I’ve been reading John C. O’Keefe’s excellent book The Church Creative: How to be a Creative Gathering in the 21st Century. What strikes me about this book is its numerous typographical and grammatical errors (just kidding!). No, what I find striking is the pointedness at which O’Keefe identifies the problem (lethargy) and presents a solution (creativity).
I must admit that I found the first section a bit sluggish to get through. Perhaps this is because of my experience in the middle of the gigantic mud puddle that is the Church Lethargic. Whilst O’Keefe goes to great lengths to demonstrate there is this lifeless spirit killing the Christian Church (generally speaking), I can see it around me and in my history. He’s preaching to the converted.
And his remarkable solution? Creativity. Unleashing the great ideas and those gifted with bringing these things to life: art, music, drama, prayer, liturgy, architecture, and so much more.
This is more than another program, he is adamant. This is about change–real, committed, dramatic, paradigmatic change.
I’ll let the author tell it like it is:
Like me you have tried every program placed before you to make the right changes to provide missional awareness, and they never really worked. Like me, you’re listening to the world, and not what the Divine was saying. We allowed the present hard time to define us, while not embracing the coming good time.
We’ve done the 40 days of… (fill in the blank) and found nothing truly worked. We’ve tried so many different programs that at this point we’re programmed out. Some of us are at the point where we doubt who we are, our call and even those around us – we’re so beaten down that we have become lethargic.
We’ve invested so much time, money and people into all different kinds of programs, conferences and books, all the time getting nowhere – or we’ve seen a slight bump, only to decline soon after the program ended, which just brought us down further.
No matter what Christian Bookstores tell you, no matter what the Christian Publishers tell you, programs never work all the time, for all our gatherings or for all the people. Programs, it seems, are designed to suck you in, chew you up and spit you out. But, because you want the program to do for us what you’ve heard it did for others, you’re quick to get the next latest and greatest program only to fail again. You’re like Kevin Bacon’s character in Animal House, as he’s being bent over and smacked by the paddle, screaming, “Thank you sir, may I have another” every time you get smacked with a program.
What is the last thing you need right now? Think in terms of your gathering; what is the last thing you need? If you’re thinking that the last thing you need is another program, you would be right. What I’ve found is that all programs are designed to fit a new idea into your old system – and that never works.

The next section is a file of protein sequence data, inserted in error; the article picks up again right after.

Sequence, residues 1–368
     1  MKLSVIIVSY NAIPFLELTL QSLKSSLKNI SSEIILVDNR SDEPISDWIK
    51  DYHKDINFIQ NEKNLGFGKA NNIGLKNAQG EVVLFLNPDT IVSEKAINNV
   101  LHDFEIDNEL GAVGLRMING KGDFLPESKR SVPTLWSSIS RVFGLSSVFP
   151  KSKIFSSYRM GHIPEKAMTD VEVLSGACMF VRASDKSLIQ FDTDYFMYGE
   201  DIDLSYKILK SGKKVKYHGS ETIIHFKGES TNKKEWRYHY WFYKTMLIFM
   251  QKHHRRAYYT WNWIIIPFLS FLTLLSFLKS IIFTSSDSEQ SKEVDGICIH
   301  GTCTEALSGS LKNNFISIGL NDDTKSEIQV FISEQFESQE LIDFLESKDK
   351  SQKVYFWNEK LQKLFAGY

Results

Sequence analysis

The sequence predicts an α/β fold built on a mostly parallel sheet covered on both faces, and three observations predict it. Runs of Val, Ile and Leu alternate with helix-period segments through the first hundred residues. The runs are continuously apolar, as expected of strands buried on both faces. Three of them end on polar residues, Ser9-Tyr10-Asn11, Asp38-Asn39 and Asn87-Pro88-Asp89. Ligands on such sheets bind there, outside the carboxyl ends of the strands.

Knowing that a program is the last thing you need is a good thing, because creativity is not another program; a program is something that costs you money, time and people; something you do for a short period of time with the expectation of the promised magic results. What I’m talking about with creativity is not a program designed for some quick fix. Creativity is a refocusing in the way you think; a way of becoming, a way of moving from where you are now, and into the idea of becoming a missional gathering.
Think of it this way, it’s a new way (actually, a very old way) of defining your life and gathering, in a redirection; shifting you from where you are now, to where you should be in the future, while bring about a core change in your thinking. It opens you to a way of embracing your gathering where you invite those who are the Creatives to move about in a fluid nature with their natural energy and envelop the entire life where service, unconditional love, grace, forgiveness and acceptance are a way of life. The best way to address a lethargic gathering of followers is to invite creativity and its natural energy to the table.
Many gatherings of followers today have lost creativity, lost the desire to even try to bring it back – so they’re in what I call Maintenance Ministry. The curse of lethargy has taken root and they’re taking care of a dying, lethargic congregation, getting them ready to close their doors. Even worse, they’re ready to simply accept their current condition and walk in the status quo.
In my view, neither is a good place. We need to move past the lethargic nature we find ourselves in and open our eyes to the Church Creative. We need to embrace the energy that Christ gives to each of us…
“He is the one we proclaim, admonishing and teaching everyone with all wisdom, so that we may present everyone fully mature in Christ. To this end I strenuously contend with all the energy Christ so powerfully works in me.”
When you focus on creativity it brings something amazing, something so wonderful, once you try it you will feel the shivers of excitement run down your spine and your toes will tingle. Something so life enhancing, so entrancing, so wonderful it will cause you to look at the world in a whole new way. Once you taste what creativity has to offer, you won’t settle for anything less.
What is this amazing thing creativity brings to the table?
No, it is not a 100% fat free ice cream with zero calories that actually tastes like ice cream — though that does come in a close second.
What is it? It’s called change.
That’s right, change.
This is a necessary step the gathering must take and O’Keefe has done a brilliant job in showing the way.
How to accomplish this may not be so cut-and-dry, black-and-white. But if what this book says is even partly true, then it must be all about creativity.